Do we believe in measurements?
Updated: May 14, 2020
In one of the conferences, one speaker said, you cannot measure everything. I have spent a decade in measurements, evaluation, and HR analytics, I differed with him. Of course, measurements often face with obstacles.
We live in a life of uncertainty and to measure this uncertainty is a challenge. I come from the field of Mathematics and Statistics, know that everything can be measured provided you intend to measure and know how to measure. Many models and tools exist which we can use to measure. Dr. Jac Fitz-enz, and Douglas Hubbard have written much on this subject.
When it comes to Business management especially with respect to HR and training, that a question of measurement arises. When I interview HR heads, many often respond that soft skills, policies, HR processes cannot be measured and that there is no use measuring it. Why are HR professionals not confident to measure their own work?
1. If HR professionals cannot measure what they do then how will they bring value to their role?
2. If HR professionals cannot quantify and measure what they do then on what basis do the management decide their salary increment and incentives, which many feel it is their right.
3. If HR professionals still believe that HR cannot be measured and training does not give ROI, then do we need HR and training departments?
Case in Point: In one of my consulting assignments, I presented our final measurement report on one of their training programs. One person who was a financial auditor said, “all that is mentioned in the report is based on probabilities, ranges, assumptions, and estimations. How do we buy-in this?”
It is ironic that the same person when goes to the medical doctor accepts the medical report full of ranges and assumptions. This same person finalizes the company balance sheet that is full of estimations (as mentioned in the balance sheet - this figure is based on management estimations). When I happen to answer this, he became defensive. I also mentioned to him that this is the way you evaluate risks, uncertainty and do valuation. I failed to understand what stops such people from accepting that measurement is possible. And what is acceptable in finance can be accepted in HR too.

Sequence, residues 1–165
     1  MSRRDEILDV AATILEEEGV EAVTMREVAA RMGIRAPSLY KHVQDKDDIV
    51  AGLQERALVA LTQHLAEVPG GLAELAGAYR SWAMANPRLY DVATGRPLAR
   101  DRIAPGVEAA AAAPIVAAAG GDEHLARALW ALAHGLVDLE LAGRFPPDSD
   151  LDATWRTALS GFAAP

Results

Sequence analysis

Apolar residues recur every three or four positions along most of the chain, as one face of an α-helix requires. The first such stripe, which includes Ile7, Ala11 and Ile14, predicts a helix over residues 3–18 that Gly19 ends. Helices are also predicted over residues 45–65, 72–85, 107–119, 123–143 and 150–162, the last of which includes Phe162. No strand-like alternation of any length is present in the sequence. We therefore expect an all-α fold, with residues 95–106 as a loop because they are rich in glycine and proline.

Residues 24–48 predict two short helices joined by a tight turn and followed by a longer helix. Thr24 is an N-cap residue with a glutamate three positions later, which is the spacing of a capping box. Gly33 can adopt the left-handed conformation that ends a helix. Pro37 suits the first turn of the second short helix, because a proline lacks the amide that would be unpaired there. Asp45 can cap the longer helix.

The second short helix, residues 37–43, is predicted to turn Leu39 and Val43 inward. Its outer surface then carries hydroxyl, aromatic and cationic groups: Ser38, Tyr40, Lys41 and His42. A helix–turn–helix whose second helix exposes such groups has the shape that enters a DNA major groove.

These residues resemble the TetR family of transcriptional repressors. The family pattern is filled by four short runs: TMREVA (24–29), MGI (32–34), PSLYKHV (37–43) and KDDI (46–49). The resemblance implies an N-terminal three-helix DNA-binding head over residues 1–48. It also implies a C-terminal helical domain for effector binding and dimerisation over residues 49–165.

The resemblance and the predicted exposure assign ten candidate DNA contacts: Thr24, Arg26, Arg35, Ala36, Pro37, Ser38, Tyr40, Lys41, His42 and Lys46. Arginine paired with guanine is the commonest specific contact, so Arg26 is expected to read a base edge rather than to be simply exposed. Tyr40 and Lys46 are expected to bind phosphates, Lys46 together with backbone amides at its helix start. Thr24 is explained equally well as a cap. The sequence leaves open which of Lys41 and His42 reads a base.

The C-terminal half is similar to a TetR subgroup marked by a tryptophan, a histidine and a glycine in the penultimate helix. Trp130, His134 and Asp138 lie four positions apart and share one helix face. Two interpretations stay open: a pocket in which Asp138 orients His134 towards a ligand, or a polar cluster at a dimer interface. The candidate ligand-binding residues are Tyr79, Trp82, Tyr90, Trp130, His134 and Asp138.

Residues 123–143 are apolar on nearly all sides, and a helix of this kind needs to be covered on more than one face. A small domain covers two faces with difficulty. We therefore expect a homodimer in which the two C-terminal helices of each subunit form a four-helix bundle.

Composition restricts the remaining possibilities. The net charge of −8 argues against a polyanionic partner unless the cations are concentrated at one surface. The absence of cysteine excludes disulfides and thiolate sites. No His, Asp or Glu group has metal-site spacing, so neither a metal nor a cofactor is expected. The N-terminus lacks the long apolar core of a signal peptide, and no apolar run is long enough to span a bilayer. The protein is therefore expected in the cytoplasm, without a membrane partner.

Another example was the people attending the presentation, many were from finance, who had no clue or rather ignored that HR processes, policies can be measured. How many of you have you ever seen HR professionals attending a balance sheet presentation by the auditors?
After all decision sciences, actuarial science and risk analytics is all based on measurements and we can use the same models in business management too. Nobody ever thought that gravity could be measured until Newton came up with the formula. How can we forget Einstein’s theory of relativity?
Peter Drucker said, “What gets measured gets done.” Of course, we cannot ignore and eliminate the human element and experience involved in the measurements. Though it is only the human element that believes that measurement is possible.